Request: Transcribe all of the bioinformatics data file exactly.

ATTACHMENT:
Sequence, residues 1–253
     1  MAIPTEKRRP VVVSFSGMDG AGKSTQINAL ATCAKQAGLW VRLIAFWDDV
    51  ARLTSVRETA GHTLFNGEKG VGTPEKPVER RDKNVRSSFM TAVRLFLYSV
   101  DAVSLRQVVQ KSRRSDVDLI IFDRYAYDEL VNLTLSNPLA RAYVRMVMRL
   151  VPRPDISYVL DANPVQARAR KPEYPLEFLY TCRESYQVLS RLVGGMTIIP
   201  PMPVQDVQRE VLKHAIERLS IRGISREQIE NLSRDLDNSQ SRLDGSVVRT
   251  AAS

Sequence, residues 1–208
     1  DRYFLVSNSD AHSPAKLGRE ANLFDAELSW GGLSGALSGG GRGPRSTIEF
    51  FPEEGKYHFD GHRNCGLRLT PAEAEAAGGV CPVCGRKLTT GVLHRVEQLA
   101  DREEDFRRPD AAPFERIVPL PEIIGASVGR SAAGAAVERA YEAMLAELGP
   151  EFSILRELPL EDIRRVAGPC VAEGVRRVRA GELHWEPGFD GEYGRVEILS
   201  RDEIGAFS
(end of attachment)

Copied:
Sequence, residues 1–253
     1  MAIPTEKRRP VVVSFSGMDG AGKSTQINAL ATCAKQAGLW VRLIAFWDDV
    51  ARLTSVRETA GHTLFNGEKG VGTPEKPVER RDKNVRSSFM TAVRLFLYSV
   101  DAVSLRQVVQ KSRRSDVDLI IFDRYAYDEL VNLTLSNPLA RAYVRMVMRL
   151  VPRPDISYVL DANPVQARAR KPEYPLEFLY TCRESYQVLS RLVGGMTIIP
   201  PMPVQDVQRE VLKHAIERLS IRGISREQIE NLSRDLDNSQ SRLDGSVVRT
   251  AAS

Sequence, residues 1–208
     1  DRYFLVSNSD AHSPAKLGRE ANLFDAELSW GGLSGALSGG GRGPRSTIEF
    51  FPEEGKYHFD GHRNCGLRLT PAEAEAAGGV CPVCGRKLTT GVLHRVEQLA
   101  DREEDFRRPD AAPFERIVPL PEIIGASVGR SAAGAAVERA YEAMLAELGP
   151  EFSILRELPL EDIRRVAGPC VAEGVRRVRA GELHWEPGFD GEYGRVEILS
   201  RDEIGAFS